Cap d'Antibes:the "Tire-poil" footpath

On the "chemin des Douaniers"

A splendid stroll at Cap d'Antibes, something to discover at every turn

Far from urban building, the coastal path, "Sentier de Tirepoil", is at the southern-most part of Cap d'Antibes. This walk, with pathways and steps in the steeper parts, is an easy walk  – as long as you have good shoes -  and will fill you with wonder for the two hours it will take you.

From the large car park on avenue Andre Sella, you barely have to walk 200m (660ft) to leave the built-up area and look out over Nice and the Baie des Anges. After this turn, you'll only hear the sea, the wind, and seagulls.

Nature in all its majesty

On this rock, which appears hostile, nature has adapted. The proof is the incredible variety of flower species including crithmum, silver ragwort, sea lavandula (endangered species) and anthyllis barba-jovis (endemic species).

At the foot of the cliff, a meadow of seaweed testifies to the quality of the water. Go a bit further and you'll pass under the branches of an Alep pine-tree deformed by the wind and sea spray.

Just before the belvedere, the landscape changes to a lunarscape, the rock changes shape and colour and in places is multicoloured - proof of the region's volcanic past.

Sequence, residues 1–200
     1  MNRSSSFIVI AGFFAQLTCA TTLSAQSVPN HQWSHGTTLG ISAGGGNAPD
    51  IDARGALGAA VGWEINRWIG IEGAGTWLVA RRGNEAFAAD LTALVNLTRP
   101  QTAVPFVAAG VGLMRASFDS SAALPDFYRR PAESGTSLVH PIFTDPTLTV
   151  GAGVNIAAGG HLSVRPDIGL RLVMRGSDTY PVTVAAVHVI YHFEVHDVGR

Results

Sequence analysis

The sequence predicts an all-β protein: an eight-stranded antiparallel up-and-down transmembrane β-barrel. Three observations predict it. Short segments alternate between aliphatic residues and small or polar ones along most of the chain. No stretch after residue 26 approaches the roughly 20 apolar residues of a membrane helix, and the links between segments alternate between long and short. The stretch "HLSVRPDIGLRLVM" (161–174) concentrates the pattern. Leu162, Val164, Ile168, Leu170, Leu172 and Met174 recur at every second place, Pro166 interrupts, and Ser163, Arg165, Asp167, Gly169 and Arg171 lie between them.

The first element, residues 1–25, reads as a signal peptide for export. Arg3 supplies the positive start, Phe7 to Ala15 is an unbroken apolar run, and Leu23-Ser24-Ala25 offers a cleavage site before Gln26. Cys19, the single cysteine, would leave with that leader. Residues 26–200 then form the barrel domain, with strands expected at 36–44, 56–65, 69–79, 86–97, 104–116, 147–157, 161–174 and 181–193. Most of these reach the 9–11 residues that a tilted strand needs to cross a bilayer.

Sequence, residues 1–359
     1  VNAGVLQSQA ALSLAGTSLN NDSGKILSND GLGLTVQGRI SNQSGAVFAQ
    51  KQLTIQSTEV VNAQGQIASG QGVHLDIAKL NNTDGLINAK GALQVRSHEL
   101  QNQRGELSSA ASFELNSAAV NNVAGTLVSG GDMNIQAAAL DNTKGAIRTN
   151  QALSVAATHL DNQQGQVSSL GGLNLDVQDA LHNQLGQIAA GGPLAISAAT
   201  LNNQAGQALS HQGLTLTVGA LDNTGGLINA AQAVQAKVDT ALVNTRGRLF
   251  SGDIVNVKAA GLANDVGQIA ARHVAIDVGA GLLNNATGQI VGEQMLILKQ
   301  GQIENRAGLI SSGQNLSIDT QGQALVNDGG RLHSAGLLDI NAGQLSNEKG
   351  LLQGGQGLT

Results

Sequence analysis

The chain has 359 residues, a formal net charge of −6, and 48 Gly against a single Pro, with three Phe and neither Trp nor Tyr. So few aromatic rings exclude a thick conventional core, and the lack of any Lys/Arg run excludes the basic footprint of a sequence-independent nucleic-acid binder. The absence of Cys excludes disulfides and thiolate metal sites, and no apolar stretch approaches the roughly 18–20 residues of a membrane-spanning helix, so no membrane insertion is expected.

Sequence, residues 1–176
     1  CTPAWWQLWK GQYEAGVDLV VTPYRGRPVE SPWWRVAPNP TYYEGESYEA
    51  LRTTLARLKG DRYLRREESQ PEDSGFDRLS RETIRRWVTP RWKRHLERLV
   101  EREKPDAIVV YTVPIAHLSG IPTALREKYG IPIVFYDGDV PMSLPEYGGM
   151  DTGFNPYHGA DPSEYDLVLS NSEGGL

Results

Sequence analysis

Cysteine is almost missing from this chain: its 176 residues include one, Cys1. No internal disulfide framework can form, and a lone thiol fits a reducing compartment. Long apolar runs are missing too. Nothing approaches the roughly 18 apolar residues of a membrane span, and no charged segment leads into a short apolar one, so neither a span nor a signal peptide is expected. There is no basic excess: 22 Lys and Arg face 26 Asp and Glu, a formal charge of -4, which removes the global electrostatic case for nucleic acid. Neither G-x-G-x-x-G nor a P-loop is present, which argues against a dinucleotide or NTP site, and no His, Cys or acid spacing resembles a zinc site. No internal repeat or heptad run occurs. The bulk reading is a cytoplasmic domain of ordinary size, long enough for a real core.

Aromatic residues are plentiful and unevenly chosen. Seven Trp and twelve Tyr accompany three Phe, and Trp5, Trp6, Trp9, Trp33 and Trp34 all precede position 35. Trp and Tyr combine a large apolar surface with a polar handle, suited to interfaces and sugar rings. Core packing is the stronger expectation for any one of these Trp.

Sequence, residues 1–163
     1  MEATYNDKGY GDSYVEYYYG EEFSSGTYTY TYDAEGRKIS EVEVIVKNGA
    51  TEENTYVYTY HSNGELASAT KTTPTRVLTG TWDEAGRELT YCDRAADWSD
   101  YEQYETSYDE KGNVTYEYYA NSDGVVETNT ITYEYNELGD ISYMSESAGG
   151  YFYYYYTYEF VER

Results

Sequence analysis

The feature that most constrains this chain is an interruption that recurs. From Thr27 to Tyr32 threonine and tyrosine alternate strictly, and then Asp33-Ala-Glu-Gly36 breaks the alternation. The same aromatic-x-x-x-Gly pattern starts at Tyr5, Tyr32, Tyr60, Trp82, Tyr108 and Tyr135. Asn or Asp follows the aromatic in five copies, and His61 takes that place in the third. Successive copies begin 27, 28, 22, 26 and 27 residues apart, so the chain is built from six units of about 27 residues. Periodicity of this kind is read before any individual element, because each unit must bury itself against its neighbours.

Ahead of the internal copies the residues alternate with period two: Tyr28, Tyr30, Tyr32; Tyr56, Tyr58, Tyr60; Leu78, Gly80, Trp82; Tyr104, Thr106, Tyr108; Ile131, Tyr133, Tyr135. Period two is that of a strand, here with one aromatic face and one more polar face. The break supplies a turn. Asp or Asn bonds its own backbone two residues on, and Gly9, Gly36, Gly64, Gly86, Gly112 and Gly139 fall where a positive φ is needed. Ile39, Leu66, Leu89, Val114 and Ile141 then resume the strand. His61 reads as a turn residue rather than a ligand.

Heaven on earth discovered in the last century

Ever since the mid 19th century, this little corner of paradise has attracted rich men who built luxury residences there.
You will pass close to Chateau Garoupe, built in 1907 and hidden by a tall stone wall and some lots of pine-trees.
From the belvedere, you might be lucky enough to see dolphins or, looking in the other direction, you'll see Chateau de la Croë, built in 1927, which was for a time the home of the Duke of Windsor and his infamous wife, Wallis Simpson. Towards the end of the path, you will pass Villa Eilenroc. Built between 1860 and 1867, the Villa was a gift to Antibes from its last owner, Hélène Beaumont, back in 1982.

The walk comes to an end  by taking Avenue Mrs LD Beaumont and then Avenue de la Tour Gandolphe.

Venturing further in your discovery...

Legend says that the Tirepoil path (literally hairpull) takes its name from the omnipresent sea-wind that messes with visitors' hair.
At the beginning of the 20th century, the coast was occupied and in part privatized by the villas' residents. The law on coastal areas allowed the city to take it back and open it to the public.
This area of Cap d'Antibes is part of the Natura 2000 Site (Site Natura 2000 "Baie et cap d'Antibes - îles de Lérins"), and is managed by the Sea and Littoral Conservatory (Espace Mer et Littoral and le Conservatoire du Littoral.)

The area is protected and must be respected.

To discover even more about this path and the species found there, the Tourist Office offers you guided tours (in French).

Warning: the path is closed when the weather is bad (gales for example).